London, 28 July – General Qassem Soleimani commander of the Iranian Regime’s terrorist Quds force threatened President Trump this week, targeting a major Red Sea chokepoint.
“The Red Sea which was secure is no longer secure for the presence of American (military) … The Quds force and I are your match. We don’t go to sleep at night before thinking about you,” Iran’s top general said in a speech from Hamedan, Iran, in which, according to local media, he addressed the American president directly.
“If you begin the war, we will end the war.”
Soleimani was responding to Trump’s Sunday tweet warning that Iran would face “consequences the likes of which few throughout history have ever suffered before.” Trump’s tweet was prompted by a speech by Iranian President Hassan Rouhani threatening that war with Iran would be “the mother of all wars.”
Soleimani’s mention of the Red Sea signaled Iran’s willingness to disrupt oil shipments in the Bab el-Mandeb Strait — the world’s fourth-largest oil chokepoint — via its proxies there.
It is believed that Iran will use Yemen’s Houthi rebels, who are already ramping up missile attacks on Saudi targets. On Wednesday, Riyadh announced that two Saudi oil carriers were attacked by Houthi missile strikes in the Bab el-Mandeb Strait, which separates Yemen and East Africa and connects the Gulf of Aden to the Red Sea. The kingdom has temporarily suspended all oil shipments through the pass.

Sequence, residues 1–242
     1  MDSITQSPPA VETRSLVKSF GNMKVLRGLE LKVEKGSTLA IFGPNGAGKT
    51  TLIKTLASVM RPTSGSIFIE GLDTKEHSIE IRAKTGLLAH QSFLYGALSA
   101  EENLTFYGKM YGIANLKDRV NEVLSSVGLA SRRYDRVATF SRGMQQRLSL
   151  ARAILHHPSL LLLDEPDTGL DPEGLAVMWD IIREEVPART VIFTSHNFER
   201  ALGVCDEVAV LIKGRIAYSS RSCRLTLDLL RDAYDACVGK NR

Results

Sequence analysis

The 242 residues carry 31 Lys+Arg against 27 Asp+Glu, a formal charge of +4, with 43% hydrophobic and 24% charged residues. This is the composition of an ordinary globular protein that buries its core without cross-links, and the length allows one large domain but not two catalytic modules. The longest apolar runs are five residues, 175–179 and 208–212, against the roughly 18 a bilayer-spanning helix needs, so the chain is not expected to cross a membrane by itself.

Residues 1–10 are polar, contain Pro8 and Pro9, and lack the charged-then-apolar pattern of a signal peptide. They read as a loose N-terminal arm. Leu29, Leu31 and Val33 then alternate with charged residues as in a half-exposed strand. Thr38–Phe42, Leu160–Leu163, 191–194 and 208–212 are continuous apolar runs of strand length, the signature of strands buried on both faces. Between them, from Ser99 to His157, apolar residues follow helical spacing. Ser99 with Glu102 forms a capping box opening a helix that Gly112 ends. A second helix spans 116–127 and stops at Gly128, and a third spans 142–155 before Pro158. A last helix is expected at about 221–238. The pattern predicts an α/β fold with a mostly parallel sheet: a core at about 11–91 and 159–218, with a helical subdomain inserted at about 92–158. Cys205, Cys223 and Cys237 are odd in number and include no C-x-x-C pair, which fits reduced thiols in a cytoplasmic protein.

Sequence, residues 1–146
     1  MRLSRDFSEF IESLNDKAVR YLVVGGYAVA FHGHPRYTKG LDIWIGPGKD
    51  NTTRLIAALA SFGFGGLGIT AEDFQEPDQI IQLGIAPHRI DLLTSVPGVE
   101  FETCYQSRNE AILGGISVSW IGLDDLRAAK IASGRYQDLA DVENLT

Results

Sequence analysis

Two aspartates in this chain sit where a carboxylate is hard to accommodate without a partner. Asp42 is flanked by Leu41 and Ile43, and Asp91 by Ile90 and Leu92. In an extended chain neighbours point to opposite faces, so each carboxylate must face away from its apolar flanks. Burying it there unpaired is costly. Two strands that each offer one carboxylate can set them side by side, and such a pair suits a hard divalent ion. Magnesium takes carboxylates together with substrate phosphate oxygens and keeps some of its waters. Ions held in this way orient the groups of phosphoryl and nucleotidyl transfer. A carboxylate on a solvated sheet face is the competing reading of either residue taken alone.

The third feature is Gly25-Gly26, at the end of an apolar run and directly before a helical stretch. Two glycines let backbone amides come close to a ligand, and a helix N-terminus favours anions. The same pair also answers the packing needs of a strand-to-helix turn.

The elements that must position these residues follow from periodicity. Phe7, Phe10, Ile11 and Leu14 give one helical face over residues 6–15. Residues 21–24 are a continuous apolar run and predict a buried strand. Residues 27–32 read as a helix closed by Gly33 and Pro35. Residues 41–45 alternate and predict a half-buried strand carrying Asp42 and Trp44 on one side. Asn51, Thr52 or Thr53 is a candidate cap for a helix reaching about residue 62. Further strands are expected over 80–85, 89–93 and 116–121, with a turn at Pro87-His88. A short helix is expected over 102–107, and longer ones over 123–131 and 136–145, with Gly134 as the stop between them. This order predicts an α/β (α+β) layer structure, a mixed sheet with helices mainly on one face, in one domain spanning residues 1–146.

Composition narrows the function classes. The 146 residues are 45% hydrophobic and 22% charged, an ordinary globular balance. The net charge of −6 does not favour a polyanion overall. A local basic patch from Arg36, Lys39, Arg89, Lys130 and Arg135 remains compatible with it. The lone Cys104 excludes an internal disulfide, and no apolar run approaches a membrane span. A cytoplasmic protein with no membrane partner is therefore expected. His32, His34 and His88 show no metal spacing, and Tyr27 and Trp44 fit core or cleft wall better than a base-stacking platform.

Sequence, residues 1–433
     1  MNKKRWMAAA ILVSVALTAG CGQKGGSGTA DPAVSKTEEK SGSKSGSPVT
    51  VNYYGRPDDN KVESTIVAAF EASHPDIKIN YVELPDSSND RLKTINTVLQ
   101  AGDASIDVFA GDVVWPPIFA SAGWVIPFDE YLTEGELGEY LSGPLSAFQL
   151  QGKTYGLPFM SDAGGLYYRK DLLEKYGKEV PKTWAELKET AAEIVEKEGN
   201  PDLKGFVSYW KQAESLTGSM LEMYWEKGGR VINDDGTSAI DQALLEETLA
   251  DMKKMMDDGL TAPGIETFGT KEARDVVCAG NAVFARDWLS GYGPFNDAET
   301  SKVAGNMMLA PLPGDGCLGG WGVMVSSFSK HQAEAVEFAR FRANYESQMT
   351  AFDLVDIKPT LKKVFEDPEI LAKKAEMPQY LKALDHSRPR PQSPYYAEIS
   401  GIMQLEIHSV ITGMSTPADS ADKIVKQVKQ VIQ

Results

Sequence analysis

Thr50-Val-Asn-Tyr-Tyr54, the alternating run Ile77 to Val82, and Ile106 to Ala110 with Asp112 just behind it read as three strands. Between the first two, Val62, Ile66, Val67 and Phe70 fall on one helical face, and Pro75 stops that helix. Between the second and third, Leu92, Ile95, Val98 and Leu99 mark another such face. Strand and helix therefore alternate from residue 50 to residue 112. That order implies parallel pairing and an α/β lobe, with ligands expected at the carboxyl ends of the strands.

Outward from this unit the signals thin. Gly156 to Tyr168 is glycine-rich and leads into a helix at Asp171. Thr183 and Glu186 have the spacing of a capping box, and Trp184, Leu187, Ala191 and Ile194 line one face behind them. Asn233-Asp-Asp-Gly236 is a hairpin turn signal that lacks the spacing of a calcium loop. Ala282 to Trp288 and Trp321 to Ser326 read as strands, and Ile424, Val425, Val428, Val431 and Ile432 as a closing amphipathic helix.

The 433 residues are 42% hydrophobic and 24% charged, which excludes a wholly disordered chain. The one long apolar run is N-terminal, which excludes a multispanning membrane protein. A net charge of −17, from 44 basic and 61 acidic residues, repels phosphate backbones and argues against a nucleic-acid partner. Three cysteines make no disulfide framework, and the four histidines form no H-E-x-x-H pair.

Soleimani’s direct reference to the Bab el-Mandeb on Thursday, “is a signal that Tehran has options for escalation.” Bab el-Mandeb sees about 5 million barrels per day (bpd) of oil, which is small compared to the 17 million that passes through the Strait of Hormuz, on the opposite side of the Arabian Peninsula.
Increased Houthi rebel attacks on tankers heightens the chance that one will actually be sunk. Then, the U.S. could be forced to become more actively engaged. As well, crisis in the Bab el-Mandeb causes fears over Hormuz and drives oil prices up.
The U.S. is preparing to reimpose sanctions on Iran as part of its withdrawal from the JCPOA (Joint Comprehensive Plan of Action), also known as the Iran nuclear deal, that allowed economic relief for Iran in exchange for curbs on its nuclear program. The Trump administration has mandated that all countries wind their imports of Iranian crude down to zero by November 4th, in addition to deploying sanctions on a range of other products and financial activities.
Iran threatens that if it is unable to trade its oil, other countries will be stopped as well, citing its willingness to close the Strait of Hormuz, through which some 30 percent of the world’s oil shipments pass.